21 January 2010

Theory of Climate -- Examples

Now let's move from philosphy of what a Theory of Climate would look like, to some of the components.  To repeat yesterday's list:
In climate, some of our principles, or statements of theory, would include:
  • Conservation of mass applies to the climate system
  • Conservation of momentum applies 
  • The laws of thermodynamics apply
  • The general theory of relativity applies
  • Quantum theory applies
  • Tectonic theory
But notice that, as fits a  complex theory, that none of these immediately tell you that, say, the mean surface temperature of the earth should be 287 K, or how much it should change if you add a certain amount of a greenhouse gas.  Let's see, though, how these can be important to understanding climate.  This would be what our book titled 'Theory of Climate' would provide detail on.

Conservation of mass:
The water cycle is one of the climate expressions of conservation of mass.  If you evaporate water from somewhere, there is less water there.  If you condense water from vapor into cloud droplets or ice crystals (make a cloud) then there is less water vapor in that part of the atmosphere.  If those cloud droplets or ice crystals fall to earth, then there is less liquid or solid water in the cloud, but more in the patch of ground or ocean that the precipitation fell on.  This extends another step -- if some patch of ground experiences more evaporation than precipitation, it will dry out.  Or, if it is a lake or inland sea (like the Aral Sea) it will shrink.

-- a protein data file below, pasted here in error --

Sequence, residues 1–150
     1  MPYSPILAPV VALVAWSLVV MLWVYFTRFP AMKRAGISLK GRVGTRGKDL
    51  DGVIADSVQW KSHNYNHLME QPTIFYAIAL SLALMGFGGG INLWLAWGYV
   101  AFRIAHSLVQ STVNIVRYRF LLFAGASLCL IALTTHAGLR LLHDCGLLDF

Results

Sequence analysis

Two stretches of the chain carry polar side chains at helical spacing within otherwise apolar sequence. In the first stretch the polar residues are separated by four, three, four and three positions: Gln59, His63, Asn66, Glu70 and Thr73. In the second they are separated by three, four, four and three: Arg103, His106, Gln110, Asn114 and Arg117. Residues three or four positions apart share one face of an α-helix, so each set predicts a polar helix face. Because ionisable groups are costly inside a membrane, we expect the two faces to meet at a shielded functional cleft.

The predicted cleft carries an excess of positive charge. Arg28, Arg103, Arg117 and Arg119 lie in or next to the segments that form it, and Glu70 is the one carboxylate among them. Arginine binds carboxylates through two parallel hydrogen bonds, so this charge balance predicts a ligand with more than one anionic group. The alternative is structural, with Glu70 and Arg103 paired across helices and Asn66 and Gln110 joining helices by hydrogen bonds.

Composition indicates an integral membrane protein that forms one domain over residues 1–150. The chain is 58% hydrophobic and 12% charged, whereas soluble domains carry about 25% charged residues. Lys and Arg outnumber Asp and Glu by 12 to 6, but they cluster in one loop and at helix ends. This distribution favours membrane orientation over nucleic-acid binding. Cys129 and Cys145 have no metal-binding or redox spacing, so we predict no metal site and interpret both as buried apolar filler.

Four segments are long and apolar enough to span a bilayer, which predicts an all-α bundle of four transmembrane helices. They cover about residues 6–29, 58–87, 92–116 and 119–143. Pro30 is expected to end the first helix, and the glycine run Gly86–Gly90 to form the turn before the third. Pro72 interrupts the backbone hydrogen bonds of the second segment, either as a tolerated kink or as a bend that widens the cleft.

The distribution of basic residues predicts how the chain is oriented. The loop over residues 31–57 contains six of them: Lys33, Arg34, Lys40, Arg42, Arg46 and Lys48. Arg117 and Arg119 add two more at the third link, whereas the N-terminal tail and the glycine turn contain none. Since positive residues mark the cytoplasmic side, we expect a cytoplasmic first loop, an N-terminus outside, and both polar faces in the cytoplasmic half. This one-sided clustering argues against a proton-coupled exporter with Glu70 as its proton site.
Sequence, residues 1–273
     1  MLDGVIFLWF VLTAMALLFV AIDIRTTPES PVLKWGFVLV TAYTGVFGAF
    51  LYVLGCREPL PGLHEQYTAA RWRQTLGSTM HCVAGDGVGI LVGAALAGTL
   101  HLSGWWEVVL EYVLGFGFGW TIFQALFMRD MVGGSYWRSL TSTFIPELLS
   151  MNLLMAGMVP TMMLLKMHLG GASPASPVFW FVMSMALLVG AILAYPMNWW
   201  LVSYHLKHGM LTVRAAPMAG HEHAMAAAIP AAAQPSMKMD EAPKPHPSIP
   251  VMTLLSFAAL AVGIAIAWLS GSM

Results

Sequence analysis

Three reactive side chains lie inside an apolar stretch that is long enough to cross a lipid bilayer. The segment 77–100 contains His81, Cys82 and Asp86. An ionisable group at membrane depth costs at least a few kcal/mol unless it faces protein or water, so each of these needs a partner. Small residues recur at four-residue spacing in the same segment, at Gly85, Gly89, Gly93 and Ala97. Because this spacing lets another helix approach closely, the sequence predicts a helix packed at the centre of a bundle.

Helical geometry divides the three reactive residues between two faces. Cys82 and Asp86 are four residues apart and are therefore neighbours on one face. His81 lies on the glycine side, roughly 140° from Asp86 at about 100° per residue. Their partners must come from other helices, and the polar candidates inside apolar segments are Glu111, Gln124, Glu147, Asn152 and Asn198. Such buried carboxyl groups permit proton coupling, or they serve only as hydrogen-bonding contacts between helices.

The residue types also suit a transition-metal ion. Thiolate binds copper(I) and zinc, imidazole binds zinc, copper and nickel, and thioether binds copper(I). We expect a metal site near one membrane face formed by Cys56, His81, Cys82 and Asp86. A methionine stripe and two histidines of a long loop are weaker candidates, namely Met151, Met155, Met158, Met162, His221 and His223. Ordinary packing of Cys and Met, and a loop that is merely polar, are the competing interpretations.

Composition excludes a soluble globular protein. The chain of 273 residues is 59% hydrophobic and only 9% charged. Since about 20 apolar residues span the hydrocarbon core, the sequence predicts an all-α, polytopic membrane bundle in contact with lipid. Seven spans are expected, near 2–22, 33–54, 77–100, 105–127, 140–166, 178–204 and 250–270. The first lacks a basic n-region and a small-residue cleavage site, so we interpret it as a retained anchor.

Conservation of momentum:
This leads us to learning that winds are largely driven by pressure differences.  If something in the climate system changes the pressure differences -- say by warming the poles faster than the equator -- we expect changes to the winds.  Getting detailed about this requires paying attention to all the other effects.

Laws of thermodynamics:
This includes both conservation of energy and the entropy law.  Conservation of energy tells us that when water condenses from vapor to liquid or solid, it will release energy.  It can be quite a lot of energy -- which is what drives hurricanes and typhoons -- if you get enough water to condense.  The entropy tells us, for instance, that cloud droplets will form more readily on a nucleus of some kind -- dust or salt particle, for instance -- and something about how much.

General theory of relativity:
I don't need to worry about this in the day job, but it does apply to thinking about climate on periods longer than a few hundred thousand years.  On the few thousand to few million year time scale, the earth's orientation and orbit change (Milankovitch theory here).  Once you get past a certain point, you need to include general relativity to get an accurate orbit.

Quantum theory:
The absorption of radiation by the atmosphere depends intimately on quantum mechanics (quantum theory).  We can pretty much get away with a simple rule for emission from the surface (Stefan-Boltzmann law -- black body emission and absorption).  But the atmosphere is nowhere near a black body.  It is extremely selective about what colors of light it will absorb, and equally selective about what it will emit.  That's why we can largely ignore the major gases in the atmosphere -- nitrogen, oxygen, and argon -- and focus our attention on the rare gases water vapor, carbon dioxide, ozone, methane, and such.  Understanding the selectivity is a problem in quantum theory.

Tectonic theory:
Continents move over time, and plate tectonics is our theory for the hows, whys, and how fast.  Application of the other components of climate theory tells us that the motion of continents also changes climate.  So this is another part of a full climate theory.